You can also lose your right to bear arms.  If you are convicted of any offense involving violence, you may be barred from possessing firearms for ten (10) years.  If you are convicted of certain sex or drug offenses, you may be required to register with your local police as a sex or narcotics offender indefinitely.  The law enables individuals and entities outside the criminal justice system to access sex offender registration information.
 
Your Criminal Record or Rap Sheet

California Offender Record Information, “CORI”, also know as “Rap Sheets”, are documents maintained in a database by the California Department of Justice.  Under Penal Code Section 13125, once you are arrested, a record of that arrest and the subsequent activities in the resulting criminal prosecution are recorded and maintained on your “rap sheet”.  This information is available only to local and state law enforcement personnel, courts, certain public entities, prosecutors and federal law enforcement agencies.  Even if your case results in a dismissal or acquittal, this information is preserved indefinitely.  In other words, even if all charges are dropped, this does not cleanse your record of the notations showing allegations, arrest and prosecution.

FELONY CHARGES        

A felony is a crime punishable by minimum confinement of one year in state prison.  Felonies are commonly also punished by fines and formal, supervised probation.  Felony defendants are guaranteed certain rights because of the seriousness of the charges they face, including the right to an attorney and the right to a jury trial.  Felony cases can go on for months, and in unusual cases last several years, due to the gravity and complexity of these cases.

4 Stages of a Felony Case

A felony case can be broken down into four stages.  The first stage is called an arraignment.  At arraignment, the court asks the defendant to enter a plea of "guilty" or "not guilty."  The court does not consider whether the charges are true or not, and no evidence is presented.  Prosecutors usually do not participate much in felony arraignments, unless there are other issues, such as setting or modifying bail.  At arraignment the court may set, lower, or raise the bail amount. At the arraignment, the court will set a pretrial, or "D&R," date, and a preliminary hearing date. The preliminary hearing will be set within ten (10) court days of the arraignment, unless you agree to waive this time limit.

The second stage is pretrial, also called the D&R hearing.  At the pretrial, the prosecuting attorney and defense attorney discuss the case in chambers with the judge.  The defense may ask for information and evidence from the prosecution, called discovery.  The attorneys and court also try to negotiate a resolution acceptable to both sides.  Defendants do not participate in the pretrial, although your personal appearance in court is required.  Pretrials give the defense an opportunity to get all the evidence it needs from the prosecution, time to consider and explore that evidence, and an opportunity to make efforts at negotiation.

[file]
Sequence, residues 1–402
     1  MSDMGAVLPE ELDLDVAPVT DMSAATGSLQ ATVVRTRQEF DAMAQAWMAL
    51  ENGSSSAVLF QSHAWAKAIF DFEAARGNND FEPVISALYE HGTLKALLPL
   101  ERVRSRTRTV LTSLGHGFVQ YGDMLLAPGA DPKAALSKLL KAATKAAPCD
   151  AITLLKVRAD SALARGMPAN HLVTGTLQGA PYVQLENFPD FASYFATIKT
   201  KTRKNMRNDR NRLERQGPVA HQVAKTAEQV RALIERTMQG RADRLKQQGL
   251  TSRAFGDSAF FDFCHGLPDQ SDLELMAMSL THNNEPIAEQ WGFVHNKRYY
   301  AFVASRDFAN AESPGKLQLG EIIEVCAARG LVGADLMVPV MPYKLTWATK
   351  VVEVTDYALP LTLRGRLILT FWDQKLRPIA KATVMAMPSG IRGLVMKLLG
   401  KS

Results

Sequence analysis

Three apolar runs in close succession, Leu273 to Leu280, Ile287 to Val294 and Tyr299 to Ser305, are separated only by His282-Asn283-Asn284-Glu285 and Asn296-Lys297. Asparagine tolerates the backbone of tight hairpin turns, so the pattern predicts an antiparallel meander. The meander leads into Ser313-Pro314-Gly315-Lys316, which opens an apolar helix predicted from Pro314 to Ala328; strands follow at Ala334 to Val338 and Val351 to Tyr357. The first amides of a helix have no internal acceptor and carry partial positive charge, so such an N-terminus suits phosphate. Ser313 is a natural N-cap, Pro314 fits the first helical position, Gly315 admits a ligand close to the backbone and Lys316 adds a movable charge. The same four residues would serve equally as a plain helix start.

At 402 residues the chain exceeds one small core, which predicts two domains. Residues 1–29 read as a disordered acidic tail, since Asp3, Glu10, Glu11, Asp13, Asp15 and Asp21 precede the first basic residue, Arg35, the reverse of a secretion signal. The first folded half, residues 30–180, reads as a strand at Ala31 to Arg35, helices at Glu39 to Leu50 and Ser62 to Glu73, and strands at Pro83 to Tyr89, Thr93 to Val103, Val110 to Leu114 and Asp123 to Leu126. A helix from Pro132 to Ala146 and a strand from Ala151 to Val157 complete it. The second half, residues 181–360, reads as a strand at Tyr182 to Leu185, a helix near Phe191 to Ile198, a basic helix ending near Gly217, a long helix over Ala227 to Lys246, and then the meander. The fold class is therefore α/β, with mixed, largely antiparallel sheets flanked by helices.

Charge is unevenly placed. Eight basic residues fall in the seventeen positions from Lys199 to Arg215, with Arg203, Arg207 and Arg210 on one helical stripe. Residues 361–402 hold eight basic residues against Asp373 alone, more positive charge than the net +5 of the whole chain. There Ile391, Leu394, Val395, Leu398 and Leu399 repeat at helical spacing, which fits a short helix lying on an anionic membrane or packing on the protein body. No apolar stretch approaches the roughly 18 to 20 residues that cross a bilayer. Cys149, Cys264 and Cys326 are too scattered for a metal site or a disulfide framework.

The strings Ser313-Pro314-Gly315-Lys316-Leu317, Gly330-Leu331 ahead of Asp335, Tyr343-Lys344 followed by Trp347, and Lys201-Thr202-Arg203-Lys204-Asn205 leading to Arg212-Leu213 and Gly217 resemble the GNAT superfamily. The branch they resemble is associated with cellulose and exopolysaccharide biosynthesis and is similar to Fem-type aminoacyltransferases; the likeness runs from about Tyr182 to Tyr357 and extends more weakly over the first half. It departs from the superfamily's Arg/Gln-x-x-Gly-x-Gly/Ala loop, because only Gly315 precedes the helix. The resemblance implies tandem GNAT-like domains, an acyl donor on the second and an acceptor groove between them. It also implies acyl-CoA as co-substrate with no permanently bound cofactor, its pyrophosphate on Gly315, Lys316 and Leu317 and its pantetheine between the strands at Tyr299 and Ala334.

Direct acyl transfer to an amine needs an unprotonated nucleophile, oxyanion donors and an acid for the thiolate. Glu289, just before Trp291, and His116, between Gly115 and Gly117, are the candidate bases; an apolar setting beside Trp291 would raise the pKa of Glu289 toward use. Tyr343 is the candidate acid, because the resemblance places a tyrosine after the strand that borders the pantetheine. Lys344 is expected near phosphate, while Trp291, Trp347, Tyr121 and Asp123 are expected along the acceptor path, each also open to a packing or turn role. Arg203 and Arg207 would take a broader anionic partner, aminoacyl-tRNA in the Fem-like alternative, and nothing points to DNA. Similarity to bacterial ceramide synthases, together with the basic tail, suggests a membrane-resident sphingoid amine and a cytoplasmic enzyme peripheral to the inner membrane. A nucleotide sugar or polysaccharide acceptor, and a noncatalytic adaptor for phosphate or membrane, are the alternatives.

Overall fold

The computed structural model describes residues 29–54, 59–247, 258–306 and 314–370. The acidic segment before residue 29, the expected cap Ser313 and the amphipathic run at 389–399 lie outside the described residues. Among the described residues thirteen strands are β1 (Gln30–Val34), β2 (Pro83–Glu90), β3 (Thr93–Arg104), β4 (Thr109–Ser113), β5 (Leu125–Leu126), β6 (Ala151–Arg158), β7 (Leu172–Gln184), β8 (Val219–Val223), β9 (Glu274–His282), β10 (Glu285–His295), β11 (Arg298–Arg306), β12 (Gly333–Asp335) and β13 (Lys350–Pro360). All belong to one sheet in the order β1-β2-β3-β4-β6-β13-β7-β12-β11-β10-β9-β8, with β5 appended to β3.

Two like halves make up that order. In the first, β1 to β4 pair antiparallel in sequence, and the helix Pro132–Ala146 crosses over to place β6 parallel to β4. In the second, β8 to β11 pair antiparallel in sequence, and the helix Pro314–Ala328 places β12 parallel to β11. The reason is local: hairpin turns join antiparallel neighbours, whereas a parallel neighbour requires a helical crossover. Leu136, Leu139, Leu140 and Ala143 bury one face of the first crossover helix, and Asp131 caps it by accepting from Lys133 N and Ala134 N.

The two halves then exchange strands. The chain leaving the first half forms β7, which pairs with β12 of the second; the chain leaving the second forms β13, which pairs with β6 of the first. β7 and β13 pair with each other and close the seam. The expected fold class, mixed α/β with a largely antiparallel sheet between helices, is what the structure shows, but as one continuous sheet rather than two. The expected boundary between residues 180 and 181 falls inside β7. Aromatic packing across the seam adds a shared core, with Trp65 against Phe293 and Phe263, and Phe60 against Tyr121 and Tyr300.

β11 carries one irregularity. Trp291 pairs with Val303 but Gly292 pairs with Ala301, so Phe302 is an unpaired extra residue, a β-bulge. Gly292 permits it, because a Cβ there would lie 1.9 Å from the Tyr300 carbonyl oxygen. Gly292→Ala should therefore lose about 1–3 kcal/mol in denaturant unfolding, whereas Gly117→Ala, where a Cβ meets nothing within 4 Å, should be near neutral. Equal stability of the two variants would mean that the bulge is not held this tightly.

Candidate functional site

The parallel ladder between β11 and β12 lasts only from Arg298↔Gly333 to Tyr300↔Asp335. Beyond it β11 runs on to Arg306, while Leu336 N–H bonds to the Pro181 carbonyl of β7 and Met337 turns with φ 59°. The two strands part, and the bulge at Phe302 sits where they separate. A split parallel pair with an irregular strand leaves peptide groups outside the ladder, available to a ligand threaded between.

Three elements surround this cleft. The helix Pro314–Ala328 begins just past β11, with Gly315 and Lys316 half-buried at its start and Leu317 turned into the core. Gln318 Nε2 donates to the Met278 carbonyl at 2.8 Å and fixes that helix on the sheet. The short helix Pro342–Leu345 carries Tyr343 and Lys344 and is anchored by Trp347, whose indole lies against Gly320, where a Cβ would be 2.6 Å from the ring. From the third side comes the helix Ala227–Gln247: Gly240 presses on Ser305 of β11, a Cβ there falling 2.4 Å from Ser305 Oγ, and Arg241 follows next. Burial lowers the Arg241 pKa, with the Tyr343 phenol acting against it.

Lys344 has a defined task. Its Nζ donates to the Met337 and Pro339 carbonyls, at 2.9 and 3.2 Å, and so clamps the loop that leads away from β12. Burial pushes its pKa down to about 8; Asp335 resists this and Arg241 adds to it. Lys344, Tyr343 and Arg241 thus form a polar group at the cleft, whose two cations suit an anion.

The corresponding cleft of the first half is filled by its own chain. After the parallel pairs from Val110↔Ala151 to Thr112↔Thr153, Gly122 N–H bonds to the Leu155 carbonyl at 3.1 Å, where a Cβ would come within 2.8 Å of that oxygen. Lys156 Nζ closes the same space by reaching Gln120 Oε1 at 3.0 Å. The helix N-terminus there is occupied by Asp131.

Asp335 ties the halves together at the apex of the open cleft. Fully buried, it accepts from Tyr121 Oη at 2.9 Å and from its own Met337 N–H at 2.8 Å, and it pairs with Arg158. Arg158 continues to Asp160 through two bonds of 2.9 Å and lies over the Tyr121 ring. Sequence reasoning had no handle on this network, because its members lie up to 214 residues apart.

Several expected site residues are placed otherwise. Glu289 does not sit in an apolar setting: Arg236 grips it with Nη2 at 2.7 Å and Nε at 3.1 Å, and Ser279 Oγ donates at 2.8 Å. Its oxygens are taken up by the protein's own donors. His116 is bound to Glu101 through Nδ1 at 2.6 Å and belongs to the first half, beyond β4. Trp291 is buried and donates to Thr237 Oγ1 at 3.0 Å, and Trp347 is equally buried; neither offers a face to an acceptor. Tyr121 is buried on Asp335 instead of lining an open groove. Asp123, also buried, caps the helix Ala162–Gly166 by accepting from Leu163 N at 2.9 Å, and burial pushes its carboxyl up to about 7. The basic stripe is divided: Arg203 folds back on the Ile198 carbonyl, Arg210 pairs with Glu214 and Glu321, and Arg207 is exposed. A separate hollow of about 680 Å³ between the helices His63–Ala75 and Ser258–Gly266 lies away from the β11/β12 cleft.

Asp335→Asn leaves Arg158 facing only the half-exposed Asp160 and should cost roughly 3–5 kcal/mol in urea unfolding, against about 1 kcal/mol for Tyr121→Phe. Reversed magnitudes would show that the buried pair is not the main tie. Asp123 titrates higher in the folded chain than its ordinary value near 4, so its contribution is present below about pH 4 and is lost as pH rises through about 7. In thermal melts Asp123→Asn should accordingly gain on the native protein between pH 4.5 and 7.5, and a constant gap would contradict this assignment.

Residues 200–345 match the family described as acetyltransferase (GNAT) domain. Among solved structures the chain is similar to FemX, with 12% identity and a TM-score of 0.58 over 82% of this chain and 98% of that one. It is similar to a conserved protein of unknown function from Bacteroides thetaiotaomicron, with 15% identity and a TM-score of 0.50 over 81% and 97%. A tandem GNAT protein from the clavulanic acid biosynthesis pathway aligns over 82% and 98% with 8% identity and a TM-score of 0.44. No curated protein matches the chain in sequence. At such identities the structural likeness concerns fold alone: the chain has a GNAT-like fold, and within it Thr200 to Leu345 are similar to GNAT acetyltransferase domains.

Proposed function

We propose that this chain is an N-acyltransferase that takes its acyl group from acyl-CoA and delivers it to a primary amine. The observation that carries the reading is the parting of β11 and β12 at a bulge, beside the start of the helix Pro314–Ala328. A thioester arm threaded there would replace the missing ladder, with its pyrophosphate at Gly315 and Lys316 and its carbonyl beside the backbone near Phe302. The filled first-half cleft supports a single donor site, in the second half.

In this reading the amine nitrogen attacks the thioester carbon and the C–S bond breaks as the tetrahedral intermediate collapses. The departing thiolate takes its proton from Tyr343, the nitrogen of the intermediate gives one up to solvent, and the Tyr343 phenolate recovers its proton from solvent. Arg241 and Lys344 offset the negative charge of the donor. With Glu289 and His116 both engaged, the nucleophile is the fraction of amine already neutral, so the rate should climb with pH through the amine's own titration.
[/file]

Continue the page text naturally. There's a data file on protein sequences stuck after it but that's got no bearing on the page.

The third stage is the preliminary hearing which is an evidentiary hearing in front of the judge (not jury) where certain evidence is considered including hearsay evidence.  Many cases are resolved prior to preliminary hearing. If a case cannot be resolved at the pretrial stage, the defense attorney may make a last-ditch effort to settle the case on the day of the preliminary hearing.  If the case cannot be resolved, the defense will announce "ready" for preliminary hearing.  Depending on prosecution readiness and the availability of a courtroom, the preliminary hearing may be heard sometime that day, or may "trail" until it can be heard.

At the preliminary hearing, the prosecution must simply present evidence that there is probable cause to believe that the defendant committed the crime or crimes charged.  California law permits the prosecutor to meet this burden by calling only one law enforcement officer who handled the case. The prosecutor does not have to prove his/her case beyond a reasonable doubt (that standard applies at trial).  Therefore, it is usually not difficult for the prosecution to "win" the preliminary hearing.

The fourth stage is trial. If the judge finds that there is probable cause to believe the defendant committed the crime, the defendant is bound over and the case is transferred to Superior Court, to the fourth stage of felony prosecution.  In Superior Court, the defendant is "arraigned" once again, the case is set for trial, and the case is ultimately tried before a jury if no resolution is reached.

Sentencing Alternatives in General

A major role of the defense attorney is to explore and recommend alternatives to incarceration, where appropriate.  These "sentencing alternatives" include in-patient and outpatient treatment programs, counseling, volunteer and work programs, formal probation, fines, classes and weekend confinement.  These alternatives can be utilized in lieu of prison, sometimes facilitating settlement.  However, every case is unique, and sentencing alternatives are not appropriate or acceptable in every case.  Many judges are very reluctant to employ sentencing alternatives in felony cases.

Whether you are facing Misdemeanor or Felony charges, contact the attorney who can make a difference in YOUR case. If you, a friend or a loved one is charged with a crime in Los Angeles County, or facing criminal charges in Orange County, don’t hesitate, pick up the phone and call our office immediately, your call is FREE! 

We can resolve your conflict at law with our familiarity with your local Court and District Attorney.